BioDT presents the new Digital Twin prototype to preserve honey bees’ performance and environmental biodiversity

honey bees

Honey bees (Apis mellifera) are crucial pollinators and producers. Despite their key role in agriculture, food production and security, and ultimately in human health and ecosystem well-being, they face multiple threats: habitat loss, degradation and fragmentation, pollution, pesticides, pests and pathogens, changes in land use and climate change impacts are putting at risk their survival, causing their decline worldwide. 

On May 25, BioDT presented its prototype Digital Twin (pDT) for Pollinators during the online event Biodiversity in Focus. By combining real-world data with advanced simulation techniques, the new prototype provides practical insights into honey bee performance and honey production by evaluating landscape quality. The goal of the BioDT project – in which LifeWatch ERIC is one of the partners – is to push the current boundaries of predictive understanding of biodiversity dynamics by developing a Digital Twin that provides advanced modelling, simulation, and prediction capabilities.

The DT for Pollinators aims to address honey bees’ challenges, such as intensive agriculture, diseases, and fluctuations in nectar and pollen availability. Based on the BEEHAVE model, this prototype supports use cases involving large input data, like analysing datasets from multiple countries. 

The health of honey bees depends on their environments, where consistent availability of nectar and pollen is vital, particularly during times when mass-flowering crops such as oilseed rape are not in bloom.

This Digital Twin prototype represents a fusion of advanced technology and practicality to allow a generic assessment of agricultural areas for honey bee health, says Dr Jürgen Groeneveld from the Helmholtz Centre for Environmental ResearchUFZ in Leipzig. By providing tools that are accessible, scalable, and adaptable, we aim to empower biodiversity researchers and conservationists in their mission to protect our planet’s vital ecosystems.

On the technical side, the prototype relies on a solid foundation. Custom scripts specify input data and transform it into readable input files. Researchers can deploy all necessary software components into a Docker container image on the LUMI supercomputer and cloud platforms. For more information on its development, you can consult the repository page on GitHub.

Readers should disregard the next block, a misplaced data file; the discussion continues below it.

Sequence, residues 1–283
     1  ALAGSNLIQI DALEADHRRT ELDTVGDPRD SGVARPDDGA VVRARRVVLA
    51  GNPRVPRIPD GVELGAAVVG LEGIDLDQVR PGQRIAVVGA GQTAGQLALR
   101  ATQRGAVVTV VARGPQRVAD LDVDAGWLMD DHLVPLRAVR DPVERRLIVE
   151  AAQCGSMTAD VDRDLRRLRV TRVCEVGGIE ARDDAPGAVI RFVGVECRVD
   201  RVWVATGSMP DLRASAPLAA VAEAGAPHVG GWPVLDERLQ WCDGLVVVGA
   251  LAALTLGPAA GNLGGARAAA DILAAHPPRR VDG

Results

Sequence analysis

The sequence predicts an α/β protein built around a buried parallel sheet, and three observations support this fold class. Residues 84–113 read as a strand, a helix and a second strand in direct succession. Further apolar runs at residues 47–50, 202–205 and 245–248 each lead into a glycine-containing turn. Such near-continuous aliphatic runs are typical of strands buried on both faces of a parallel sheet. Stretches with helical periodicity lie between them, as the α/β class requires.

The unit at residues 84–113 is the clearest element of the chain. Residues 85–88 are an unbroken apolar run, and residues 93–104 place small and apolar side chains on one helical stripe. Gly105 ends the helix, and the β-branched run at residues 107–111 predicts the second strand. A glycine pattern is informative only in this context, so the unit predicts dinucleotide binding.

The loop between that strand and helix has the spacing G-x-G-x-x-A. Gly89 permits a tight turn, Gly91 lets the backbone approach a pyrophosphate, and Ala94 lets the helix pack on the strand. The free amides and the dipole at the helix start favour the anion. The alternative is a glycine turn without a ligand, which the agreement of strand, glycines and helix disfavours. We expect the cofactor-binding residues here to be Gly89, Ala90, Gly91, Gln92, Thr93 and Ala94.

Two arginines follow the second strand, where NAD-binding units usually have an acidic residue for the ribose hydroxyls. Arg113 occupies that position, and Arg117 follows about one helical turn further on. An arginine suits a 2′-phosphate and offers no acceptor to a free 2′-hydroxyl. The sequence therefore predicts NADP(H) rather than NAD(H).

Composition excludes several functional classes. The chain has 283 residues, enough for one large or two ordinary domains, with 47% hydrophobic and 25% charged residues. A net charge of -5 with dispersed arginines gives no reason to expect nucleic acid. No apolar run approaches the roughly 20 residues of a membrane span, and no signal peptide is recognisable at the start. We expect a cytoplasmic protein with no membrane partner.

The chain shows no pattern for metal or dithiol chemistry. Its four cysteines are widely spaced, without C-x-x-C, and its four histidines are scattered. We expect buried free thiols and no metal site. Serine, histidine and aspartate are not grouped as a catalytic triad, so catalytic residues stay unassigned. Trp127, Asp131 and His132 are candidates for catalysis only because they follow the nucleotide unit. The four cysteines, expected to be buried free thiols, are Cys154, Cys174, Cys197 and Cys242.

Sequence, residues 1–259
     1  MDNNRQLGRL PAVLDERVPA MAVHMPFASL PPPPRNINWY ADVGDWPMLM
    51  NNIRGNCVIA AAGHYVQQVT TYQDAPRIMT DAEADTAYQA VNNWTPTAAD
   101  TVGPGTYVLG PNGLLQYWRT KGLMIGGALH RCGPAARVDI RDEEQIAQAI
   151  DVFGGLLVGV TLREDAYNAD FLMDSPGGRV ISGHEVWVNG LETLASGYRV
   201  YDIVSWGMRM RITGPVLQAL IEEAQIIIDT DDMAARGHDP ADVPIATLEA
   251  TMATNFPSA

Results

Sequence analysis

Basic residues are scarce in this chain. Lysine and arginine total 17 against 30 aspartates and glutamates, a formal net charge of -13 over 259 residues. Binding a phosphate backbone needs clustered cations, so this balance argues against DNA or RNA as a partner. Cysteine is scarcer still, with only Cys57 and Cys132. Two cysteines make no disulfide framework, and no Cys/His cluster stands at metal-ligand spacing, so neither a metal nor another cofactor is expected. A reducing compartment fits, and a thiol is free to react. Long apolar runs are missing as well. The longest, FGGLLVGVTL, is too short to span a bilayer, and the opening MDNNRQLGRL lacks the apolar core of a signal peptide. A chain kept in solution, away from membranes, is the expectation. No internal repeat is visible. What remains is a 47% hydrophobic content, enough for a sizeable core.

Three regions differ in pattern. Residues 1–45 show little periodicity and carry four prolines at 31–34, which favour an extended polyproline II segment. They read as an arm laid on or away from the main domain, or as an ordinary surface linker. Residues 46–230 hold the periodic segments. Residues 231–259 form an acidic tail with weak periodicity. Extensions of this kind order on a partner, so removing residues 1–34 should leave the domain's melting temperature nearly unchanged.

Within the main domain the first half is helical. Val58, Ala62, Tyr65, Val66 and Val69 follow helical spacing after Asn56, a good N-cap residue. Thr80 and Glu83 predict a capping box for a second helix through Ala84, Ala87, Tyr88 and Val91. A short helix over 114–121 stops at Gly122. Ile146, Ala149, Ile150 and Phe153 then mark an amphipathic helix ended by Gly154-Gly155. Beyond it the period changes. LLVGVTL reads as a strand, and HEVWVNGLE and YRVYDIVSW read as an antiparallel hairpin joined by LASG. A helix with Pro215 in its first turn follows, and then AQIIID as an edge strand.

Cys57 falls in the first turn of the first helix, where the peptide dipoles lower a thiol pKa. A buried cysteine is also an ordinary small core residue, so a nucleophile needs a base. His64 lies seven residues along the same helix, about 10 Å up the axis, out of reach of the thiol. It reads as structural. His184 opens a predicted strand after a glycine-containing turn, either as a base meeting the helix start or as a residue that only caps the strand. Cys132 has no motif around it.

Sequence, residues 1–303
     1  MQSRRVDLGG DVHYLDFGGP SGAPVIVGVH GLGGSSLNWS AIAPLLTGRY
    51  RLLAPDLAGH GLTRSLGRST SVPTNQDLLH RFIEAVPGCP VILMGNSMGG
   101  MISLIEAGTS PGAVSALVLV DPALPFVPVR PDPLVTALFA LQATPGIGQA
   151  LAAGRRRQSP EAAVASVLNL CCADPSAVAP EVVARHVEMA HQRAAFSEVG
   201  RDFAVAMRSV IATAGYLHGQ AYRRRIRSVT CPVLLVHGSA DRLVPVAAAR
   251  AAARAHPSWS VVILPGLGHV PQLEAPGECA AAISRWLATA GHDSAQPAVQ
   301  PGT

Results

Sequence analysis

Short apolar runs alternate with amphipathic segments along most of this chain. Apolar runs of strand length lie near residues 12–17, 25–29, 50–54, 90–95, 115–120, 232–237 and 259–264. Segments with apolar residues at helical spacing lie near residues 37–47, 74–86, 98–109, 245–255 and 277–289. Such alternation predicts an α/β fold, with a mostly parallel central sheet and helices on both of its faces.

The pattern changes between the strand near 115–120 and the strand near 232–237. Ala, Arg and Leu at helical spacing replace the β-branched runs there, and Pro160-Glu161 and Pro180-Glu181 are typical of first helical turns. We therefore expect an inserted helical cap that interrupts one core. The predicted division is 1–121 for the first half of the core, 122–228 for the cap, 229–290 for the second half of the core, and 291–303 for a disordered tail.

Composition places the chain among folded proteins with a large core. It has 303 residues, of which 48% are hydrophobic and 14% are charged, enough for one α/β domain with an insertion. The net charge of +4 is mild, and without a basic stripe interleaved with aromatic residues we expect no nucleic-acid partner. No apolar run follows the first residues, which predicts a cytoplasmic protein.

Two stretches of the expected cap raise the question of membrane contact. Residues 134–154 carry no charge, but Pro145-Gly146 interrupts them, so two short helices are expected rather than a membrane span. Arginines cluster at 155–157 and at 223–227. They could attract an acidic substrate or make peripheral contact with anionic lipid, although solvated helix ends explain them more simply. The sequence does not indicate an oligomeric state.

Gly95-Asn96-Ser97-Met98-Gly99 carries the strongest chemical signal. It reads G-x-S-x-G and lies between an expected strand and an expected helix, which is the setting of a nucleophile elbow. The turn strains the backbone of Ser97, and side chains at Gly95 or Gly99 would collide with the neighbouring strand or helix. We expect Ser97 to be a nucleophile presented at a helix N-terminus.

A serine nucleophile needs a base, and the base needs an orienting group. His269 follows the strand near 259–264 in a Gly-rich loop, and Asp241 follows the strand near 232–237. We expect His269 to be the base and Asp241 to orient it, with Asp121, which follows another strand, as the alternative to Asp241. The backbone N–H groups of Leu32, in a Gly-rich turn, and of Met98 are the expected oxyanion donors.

In future updates, BioDT plans to include land cover data, land cover types converted into nectar and pollen resources, and weather data, adapting it for diverse geographic areas. This way, researchers and conservationists worldwide could leverage BioDT’s capabilities in their biodiversity conservation efforts. Jesse Harrison, Developer Manager at CSC and former Project Manager of BioDT, highlighted the Pollinators DT’s potential for biodiversity conservation and announced that further versions of this prototype will expand BioDT’s mission beyond honey bee performance. He said to envision the development of further prototype Digital Twins, each addressing critical biodiversity challenges.

Test the first BioDT prototype Digital Twin on pollinator! 
Source: BioDT press release – To learn more about the Digital Twin for Pollinators and to test it, please visit this page:


The Bulgarian National Distributed Centre is represented by the  Agricultural University-Plovdiv.

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The Spanish National Distributed Centre is supported by the Ministry of Science, Innovation and Universities, the Regional Government of Andalusia and the Guadalquivir River Basin Authority (Ministry for Ecological Transition-MITECO). Moreover, Spain is the hosting Member State of LifeWatch ERIC, the location of its Statutory Seat & ICT e-Infrastructure Technical Office (LifeWatch ERIC Common Facilities). 

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